. The idea is to learn from examples a classifier that can be used to determine if an arbitrary pair of records (or tuples),, are duplicates (or each other) or not. In order to speed up the process of learning and applying the classifier, usually blocking techniques are applied [Whang et al. 2009]. They are used to group records in clusters (blocks), for further comparison of pairs within clusters, but never of two records in different clusters. Interestingly, as reported in [Bahmani, Bertossi, and Vasiloglou 2015], MDs can be used in the blocking phase. As expected, MDs were also used during the final merging phase, after the calls to the classifier. However, the use at the earlier stage is rather surprising. The kind of MDs in this case turn out to belong, together with the initial instance, to the SFAI class. Actually, this allowed implementation of MD-based blocking by means of Datalog.
The reason for using MDs at the blocking stage is that they may convey semantic relationships between records for different entities, and can then be used to collectively block records for different entities [Bhattacharya and Getoor 2007]: blocking together two records for an entity, say of books, may depend on having blocked together related records for a different entity, say of authors. For these kinds of applications, to capture semantic relationships, MDs were extended with relational atoms (conditions) in the antecedents, leading to the class of relational MDs.
In this work we also introduce and investigate the class of relational MDs, we extend the single-clean instance classes mentioned above to the relational MD case, and we obtain in a uniform manner Datalog programs for the enforcement of MDs in these classes. For lack of space, our presentation is based mainly on representative examples.
We consider relational schemas with a possibly infinite data domain , a finite set of database predicates, e.g. , and a set of built-in predicates, e.g. . Each has attributes, say , each of them with a domain . We may assume that the s are different, and different predicates do not share attributes. However, different attributes may share the same domain.
An instance for is a finite set of ground atoms (or tuples) of the form , with , . We will assume that tuples have identifiers, as in Example 1. They allow us to compare extensions of the same predicate in different instances, and trace changes of attribute values. Tuple identifiers can be accommodated by adding to each predicate an extra attribute, , that acts as a key. Then, tuples take the form , with a value for . Most of the time we leave the tuple identifier implicit, or we use it to denote the whole tuple. More precisely, if is a tuple identifier in an instance , then denotes the entire atom, , identified by . Similarly, if is a list of attributes of predicate , then denotes the tuple identified by , but restricted to the attributes in . We assume that tuple identifiers are unique across the entire instance.
For a schema with predicates , with lists of attributes , resp., a matching dependency (MD) [Fan et al. 2009] is an expression of the form:
Here, are sublists of , and sublists of . The lists (also ) are comparable, i.e. the attributes in them, say , are pairwise comparable in the sense that they share the same data domain on which a binary similarity (i.e. reflexive and symmetric) relation is defined.
The MD (1) intuitively states that if, for an -tuple and an -tuple in an instance the attribute values in are similar to attribute values in , then the values and have to be made identical. This update results in another instance , where holds. W.l.o.g., we may assume that the list of attributes on the RHS of MDs contain only one conjunct (attribute).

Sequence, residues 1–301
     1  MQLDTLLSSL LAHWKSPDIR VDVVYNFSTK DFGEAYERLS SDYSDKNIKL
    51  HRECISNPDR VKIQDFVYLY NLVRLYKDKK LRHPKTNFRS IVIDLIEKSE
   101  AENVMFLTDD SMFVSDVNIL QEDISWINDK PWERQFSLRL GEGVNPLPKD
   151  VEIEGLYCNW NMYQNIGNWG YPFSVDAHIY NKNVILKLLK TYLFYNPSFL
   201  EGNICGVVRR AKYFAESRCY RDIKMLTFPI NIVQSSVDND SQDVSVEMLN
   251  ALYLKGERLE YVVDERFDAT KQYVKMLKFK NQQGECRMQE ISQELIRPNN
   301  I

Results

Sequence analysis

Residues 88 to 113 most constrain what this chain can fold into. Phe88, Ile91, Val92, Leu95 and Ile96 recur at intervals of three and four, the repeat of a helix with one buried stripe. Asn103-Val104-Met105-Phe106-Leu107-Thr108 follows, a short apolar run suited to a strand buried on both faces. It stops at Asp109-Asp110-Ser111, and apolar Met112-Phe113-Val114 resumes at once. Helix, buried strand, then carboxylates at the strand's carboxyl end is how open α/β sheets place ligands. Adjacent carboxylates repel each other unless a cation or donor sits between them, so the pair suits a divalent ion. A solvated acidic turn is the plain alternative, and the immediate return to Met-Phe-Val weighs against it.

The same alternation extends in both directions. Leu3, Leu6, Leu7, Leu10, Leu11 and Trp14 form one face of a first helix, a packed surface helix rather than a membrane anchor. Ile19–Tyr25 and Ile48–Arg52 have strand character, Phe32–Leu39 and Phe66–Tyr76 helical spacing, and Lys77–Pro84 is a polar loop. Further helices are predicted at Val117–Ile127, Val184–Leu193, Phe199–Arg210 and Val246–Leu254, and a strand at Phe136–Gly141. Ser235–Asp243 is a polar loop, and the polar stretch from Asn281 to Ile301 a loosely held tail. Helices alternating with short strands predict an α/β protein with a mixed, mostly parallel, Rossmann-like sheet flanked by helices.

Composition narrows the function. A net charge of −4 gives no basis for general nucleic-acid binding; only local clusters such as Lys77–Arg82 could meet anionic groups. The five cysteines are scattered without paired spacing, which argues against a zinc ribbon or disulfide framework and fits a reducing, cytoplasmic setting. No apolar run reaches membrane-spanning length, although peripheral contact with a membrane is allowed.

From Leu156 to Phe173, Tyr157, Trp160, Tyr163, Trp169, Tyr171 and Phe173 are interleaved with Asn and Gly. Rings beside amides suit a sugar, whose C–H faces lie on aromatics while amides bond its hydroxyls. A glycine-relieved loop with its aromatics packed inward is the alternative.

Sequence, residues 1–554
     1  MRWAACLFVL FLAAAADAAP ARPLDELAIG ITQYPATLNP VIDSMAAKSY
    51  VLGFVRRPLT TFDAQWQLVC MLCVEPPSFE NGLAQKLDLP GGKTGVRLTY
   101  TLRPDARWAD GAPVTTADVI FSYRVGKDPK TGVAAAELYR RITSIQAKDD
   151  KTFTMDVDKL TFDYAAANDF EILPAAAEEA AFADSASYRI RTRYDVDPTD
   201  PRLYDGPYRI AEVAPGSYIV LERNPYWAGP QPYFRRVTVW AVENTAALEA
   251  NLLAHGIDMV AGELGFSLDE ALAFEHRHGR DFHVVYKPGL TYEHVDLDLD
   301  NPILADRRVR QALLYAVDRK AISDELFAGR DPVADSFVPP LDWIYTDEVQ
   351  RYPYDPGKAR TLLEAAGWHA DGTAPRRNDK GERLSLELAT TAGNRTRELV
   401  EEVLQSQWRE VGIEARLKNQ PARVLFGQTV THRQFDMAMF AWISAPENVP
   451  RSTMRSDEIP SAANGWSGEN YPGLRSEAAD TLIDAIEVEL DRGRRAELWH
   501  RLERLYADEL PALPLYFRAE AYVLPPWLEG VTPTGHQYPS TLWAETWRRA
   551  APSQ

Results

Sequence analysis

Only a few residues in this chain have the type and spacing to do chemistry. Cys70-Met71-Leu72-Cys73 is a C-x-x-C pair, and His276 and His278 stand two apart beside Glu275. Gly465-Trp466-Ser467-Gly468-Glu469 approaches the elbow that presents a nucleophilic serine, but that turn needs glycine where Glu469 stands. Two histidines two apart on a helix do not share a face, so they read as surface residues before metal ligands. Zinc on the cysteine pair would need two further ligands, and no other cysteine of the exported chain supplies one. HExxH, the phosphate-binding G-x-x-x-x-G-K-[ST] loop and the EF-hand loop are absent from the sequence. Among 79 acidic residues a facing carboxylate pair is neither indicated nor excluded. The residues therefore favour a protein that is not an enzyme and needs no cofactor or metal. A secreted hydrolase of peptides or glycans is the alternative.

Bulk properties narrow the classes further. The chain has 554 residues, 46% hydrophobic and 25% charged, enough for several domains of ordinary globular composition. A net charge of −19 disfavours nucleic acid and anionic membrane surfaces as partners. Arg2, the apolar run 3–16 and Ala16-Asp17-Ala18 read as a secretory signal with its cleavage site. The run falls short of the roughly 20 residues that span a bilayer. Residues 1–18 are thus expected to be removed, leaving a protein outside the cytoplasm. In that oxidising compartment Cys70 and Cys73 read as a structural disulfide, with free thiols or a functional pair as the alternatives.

For a set of MDs, a pair of instances satisfies if whenever satisfies the antecedents of the MDs, then satisfies the consequents (taken as equalities). If , we say that is “dirty” (wrt. ). On the other hand, an instance is stable if [Fan et al. 2009].
We now review some elements in [Bertossi, Kolahi and Lakshmanan 2012]. In order to enforce an MD on two tuples, making values of attributes identical, we assume that for each comparable pair of attributes with domain (in common) , there is a binary matching function (MF) , such that is used to replace two values whenever necessary. MFs are idempotent, commutative, and associative. Similarity relations and MFs are treated as built-in relations.
A chase-based semantics for entity resolution with MDs is as follows: starting from an instance , we identify pairs of tuples that satisfy the similarity conditions on the left-hand side of an MD , i.e. (but not the identity in its RHS), and apply an MF on the values for the right-hand side attribute, , to make them both equal to . We keep doing this on the resulting instance, in a chase-like procedure [Abiteboul, Hull, and Vianu 1995], until a stable instance is reached (cf. [Bertossi, Kolahi and Lakshmanan 2012] for details), i.e. a clean instance. An instance may have several -clean instances. denotes the set of clean instances for wrt. .
For given and
, the class of clean instances can be specified as the stable models of a logic programin , i.e. a disjunctive Datalog program with weak negation and stable model semantics [Gelfond and Lifschitz 1991, Eiter, Gottlob and Mannila 1997], with rules of the form: . Here, , and are (positive) atoms. Rules with are called program constraints and have the effect of eliminating the stable models of the program (without them) that make their bodies (RHS of the arrow) true. When and , we have (plain) Datalog programs. When and not is stratified, we have disjunctive, stratified Datalog programs, denoted . The subclass with is stratified Datalog, denoted .
We now introduce general cleaning programs by means of a representative example (for full generality and details, see [Bahmani et al. 2012]). Let be a given, possibly dirty initial instance wrt. a set of MDs. The cleaning program, , that we will introduce here, contains an -ary predicate , for each -ary database predicate . It will be used in the form , where is a variable for the tuple identifier attribute, and is a list of variables standing for the (ordinary) attribute values of .